Forget That This Mammal Lays Eggs, Apparently Platypus Also Glow In The Dark


The platypus has always proven to be one of nature’s strangest yet coolest mammals that has managed to inhabit planet earth. The fact that they are mammals yet lay eggs, have webbed feet, hunt with their eyes closed, sense prey through electroreception, and have venomous spurs on their feet apparently isn’t enough to make them stand out. Now, you can add glow under ultraviolet light to the list of their incredibly unique characteristics!

In a new study published in the science journal Mammalia, it explained that platypuses can apparently glow in the dark. When they are placed underneath an ultraviolet light, these adorable creatures turn either a bright green or cerulean in color. The study was led by Paula Spaeth Anich, a biologist from the Northland College.

The research team chose to analyze three different platypuses from a museum, one female and two male specimens, from the Field Museum of Natural History in Chicago as the University of Nebraska State Museum. But figuring out that they were actually glow in the dark was by complete accident they claim. The team discovered that the platypus fur managed to absorb UV wavelengths of around 200 and 400 nanometers while managing to give off another 500 and 600 nanometers of visible light.

According to the team, they explained that with the platypuses, both the males and the one female shared the same characteristic of glowing in the dark. Yet they also caution that considering that study has yet to be peer-reviewed, as well as the sample being tiny, yet they are “confident that the fluorescence we observed is not a property of museum specimens in general.”

Incredibly, the platypus is not the only animal that actually glows in the dark. They join three other known bio-fluorescent mammals that share the same characteristic, which are the flying squirrel and the opossum. One of the study authors also shared that while they had been searching for lichens during the night, they had accidentally discovered how flying squirrels glow pink when placed under ultra-violet light.

W Stale

The platypus is an animal that belongs to a particular group of mammals known as monotremes. This means that they lay eggs where their young hatch from, but they also nurse their young with milk as all mammals do.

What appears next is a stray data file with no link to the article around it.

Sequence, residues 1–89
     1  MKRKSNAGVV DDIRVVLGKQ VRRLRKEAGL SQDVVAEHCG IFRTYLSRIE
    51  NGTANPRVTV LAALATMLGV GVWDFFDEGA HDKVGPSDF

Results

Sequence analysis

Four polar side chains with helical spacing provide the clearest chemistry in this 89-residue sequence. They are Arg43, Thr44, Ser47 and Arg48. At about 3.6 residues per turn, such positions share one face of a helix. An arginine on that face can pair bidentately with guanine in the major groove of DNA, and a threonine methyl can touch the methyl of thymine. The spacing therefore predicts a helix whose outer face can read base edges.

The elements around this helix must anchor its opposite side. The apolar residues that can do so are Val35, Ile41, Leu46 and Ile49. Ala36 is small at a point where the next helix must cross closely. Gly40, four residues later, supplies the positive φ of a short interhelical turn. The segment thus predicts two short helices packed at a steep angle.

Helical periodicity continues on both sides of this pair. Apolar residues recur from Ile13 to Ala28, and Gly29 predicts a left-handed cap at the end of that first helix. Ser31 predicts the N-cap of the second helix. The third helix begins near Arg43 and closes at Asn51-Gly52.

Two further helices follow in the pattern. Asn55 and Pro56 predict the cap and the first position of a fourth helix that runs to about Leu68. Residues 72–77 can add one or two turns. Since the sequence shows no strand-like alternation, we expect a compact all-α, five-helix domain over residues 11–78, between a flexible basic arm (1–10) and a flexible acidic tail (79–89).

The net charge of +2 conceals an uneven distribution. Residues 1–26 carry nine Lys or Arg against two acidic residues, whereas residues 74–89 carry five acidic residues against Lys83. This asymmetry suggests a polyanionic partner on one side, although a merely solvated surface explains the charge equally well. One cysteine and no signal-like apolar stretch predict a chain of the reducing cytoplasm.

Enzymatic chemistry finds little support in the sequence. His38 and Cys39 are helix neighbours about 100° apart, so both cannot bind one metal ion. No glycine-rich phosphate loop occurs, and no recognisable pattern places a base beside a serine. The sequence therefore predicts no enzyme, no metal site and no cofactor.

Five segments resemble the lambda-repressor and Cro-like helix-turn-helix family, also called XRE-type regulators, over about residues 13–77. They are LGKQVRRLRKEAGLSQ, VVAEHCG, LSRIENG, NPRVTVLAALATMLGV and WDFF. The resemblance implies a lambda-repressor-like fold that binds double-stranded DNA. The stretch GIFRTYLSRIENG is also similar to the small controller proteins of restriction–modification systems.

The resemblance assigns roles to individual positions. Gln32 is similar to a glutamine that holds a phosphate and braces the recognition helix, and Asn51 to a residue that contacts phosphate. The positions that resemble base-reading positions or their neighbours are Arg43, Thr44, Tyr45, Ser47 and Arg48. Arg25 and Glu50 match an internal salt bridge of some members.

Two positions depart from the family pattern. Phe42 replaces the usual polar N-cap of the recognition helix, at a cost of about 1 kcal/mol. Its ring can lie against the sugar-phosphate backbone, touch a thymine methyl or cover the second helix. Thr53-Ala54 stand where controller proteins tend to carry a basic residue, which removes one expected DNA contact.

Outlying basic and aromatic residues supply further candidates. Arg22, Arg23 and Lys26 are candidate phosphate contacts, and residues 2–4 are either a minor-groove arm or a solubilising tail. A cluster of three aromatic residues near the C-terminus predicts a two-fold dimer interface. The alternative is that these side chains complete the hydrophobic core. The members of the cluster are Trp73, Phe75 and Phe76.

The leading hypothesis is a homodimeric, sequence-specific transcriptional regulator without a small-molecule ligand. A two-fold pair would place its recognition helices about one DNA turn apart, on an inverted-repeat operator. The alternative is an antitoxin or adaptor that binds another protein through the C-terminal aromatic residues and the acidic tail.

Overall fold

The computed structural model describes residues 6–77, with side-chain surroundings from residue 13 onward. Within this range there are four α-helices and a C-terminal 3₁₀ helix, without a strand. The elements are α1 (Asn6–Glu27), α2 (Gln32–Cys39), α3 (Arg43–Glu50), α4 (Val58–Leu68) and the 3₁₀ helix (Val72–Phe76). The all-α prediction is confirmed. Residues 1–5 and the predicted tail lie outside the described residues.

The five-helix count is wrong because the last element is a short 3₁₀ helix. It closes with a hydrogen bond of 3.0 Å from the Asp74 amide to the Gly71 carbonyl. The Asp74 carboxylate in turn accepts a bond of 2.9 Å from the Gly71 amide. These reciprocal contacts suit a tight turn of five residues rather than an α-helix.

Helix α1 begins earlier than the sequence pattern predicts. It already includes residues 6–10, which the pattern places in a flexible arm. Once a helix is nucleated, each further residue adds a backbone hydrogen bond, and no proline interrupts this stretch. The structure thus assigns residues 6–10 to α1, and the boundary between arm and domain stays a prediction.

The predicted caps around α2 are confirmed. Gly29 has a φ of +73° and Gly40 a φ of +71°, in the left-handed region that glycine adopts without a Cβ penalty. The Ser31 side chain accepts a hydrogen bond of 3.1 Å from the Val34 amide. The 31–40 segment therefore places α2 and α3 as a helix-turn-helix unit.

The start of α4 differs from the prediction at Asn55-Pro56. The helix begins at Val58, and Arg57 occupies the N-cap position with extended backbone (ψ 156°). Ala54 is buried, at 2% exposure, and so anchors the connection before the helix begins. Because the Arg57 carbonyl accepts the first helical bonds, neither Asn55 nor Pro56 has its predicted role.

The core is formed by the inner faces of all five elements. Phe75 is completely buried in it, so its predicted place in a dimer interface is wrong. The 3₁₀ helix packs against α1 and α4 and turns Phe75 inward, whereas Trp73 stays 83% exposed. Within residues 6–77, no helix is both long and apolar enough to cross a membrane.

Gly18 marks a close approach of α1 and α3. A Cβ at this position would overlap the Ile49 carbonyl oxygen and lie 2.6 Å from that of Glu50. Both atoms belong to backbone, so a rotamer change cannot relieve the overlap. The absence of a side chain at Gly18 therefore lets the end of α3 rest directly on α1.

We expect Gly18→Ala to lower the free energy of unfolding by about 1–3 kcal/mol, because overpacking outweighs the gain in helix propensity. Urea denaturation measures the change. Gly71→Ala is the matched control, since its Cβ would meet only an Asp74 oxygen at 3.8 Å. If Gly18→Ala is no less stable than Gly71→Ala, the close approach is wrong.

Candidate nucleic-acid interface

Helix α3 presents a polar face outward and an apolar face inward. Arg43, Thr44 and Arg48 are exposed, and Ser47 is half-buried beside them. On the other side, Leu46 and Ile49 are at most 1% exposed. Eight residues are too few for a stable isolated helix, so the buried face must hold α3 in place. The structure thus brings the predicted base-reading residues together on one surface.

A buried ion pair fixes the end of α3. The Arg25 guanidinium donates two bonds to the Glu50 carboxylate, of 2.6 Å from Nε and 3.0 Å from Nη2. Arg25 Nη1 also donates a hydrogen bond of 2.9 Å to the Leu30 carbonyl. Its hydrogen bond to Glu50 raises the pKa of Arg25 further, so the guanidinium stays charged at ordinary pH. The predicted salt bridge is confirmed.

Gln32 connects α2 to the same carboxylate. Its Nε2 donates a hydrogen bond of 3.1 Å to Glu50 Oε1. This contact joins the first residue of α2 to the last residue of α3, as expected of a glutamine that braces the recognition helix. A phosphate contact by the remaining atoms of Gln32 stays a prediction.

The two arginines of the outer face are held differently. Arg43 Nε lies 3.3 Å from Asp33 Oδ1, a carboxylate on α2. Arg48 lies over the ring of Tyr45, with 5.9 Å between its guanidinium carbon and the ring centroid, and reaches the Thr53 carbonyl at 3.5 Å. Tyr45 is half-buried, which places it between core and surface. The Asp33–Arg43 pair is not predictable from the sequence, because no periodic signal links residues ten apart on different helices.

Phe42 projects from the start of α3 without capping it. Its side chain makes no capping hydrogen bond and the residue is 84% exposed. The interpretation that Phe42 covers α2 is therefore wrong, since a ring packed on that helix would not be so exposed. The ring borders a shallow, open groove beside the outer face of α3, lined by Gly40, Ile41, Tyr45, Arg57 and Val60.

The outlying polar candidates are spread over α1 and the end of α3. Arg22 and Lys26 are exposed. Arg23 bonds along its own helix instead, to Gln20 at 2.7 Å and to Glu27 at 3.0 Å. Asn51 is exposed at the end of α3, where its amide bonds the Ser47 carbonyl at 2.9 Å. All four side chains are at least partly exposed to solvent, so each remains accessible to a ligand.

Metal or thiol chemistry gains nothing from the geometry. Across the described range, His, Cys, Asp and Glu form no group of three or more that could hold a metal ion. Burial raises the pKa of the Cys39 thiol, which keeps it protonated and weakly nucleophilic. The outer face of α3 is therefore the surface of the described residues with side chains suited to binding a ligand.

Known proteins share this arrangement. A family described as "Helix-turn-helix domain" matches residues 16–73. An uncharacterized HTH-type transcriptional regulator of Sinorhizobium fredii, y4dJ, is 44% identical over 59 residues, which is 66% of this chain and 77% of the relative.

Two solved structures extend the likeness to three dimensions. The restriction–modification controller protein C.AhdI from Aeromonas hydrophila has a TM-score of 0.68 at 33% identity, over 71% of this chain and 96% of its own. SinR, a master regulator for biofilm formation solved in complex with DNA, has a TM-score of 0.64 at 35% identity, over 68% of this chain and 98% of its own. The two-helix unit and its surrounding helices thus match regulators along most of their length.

According to the researchers from Northland College in the United States, monotremes are “an ancient mammalian lineage with a long independent evolutionary history.” Aside from making this a huge reason why they are so unique, there is research that was published back in 2018 that found that the platypus’ biochemistry showed its milk actually has a new protein which contains antibacterial properties. Scientists believe that these antibacterial properties could possibly treat antibiotic-resistant infections moving forward.

In addition, the research team also thinks that platypuses “and possibly others developed biofluorescence to adapt to low light conditions,” which they believe allows them to see each other as they move around in the dark.

“UV absorbance and fluorescence may be particularly important to mammals,” they write.

According to the lead author, Professor Anich, “It was a mix of serendipity and curiosity that led us to shine a UV light on the platypuses at the Field Museum.”

She added, “But we were also interested in seeing how deep in the mammalian tree that trait of biofluorescent fur went. It’s though that monotremes branched off the marsupial-placental lineage more than 150 million years ago. So, it was intriguing to see that animals that were such distant relatives also had biofluorescent fur.”


Lead author Anich has said in a press release that “it was intriguing to see that animals that were such distant relatives also had bio-fluorescent fur.” They even ended their paper with another related question, “Is bio-fluorescence an ancestral mammalian trait?”

After discovering that the platypus is yet another animal that glows in the dark, the team hopes to find out whether it’s one characteristic that’s more common in mammals, considering that it’s actually common in amphibians, reptiles and fungi, so who knows what other species they’ll discover glowing under a UV light in the not so distant future?


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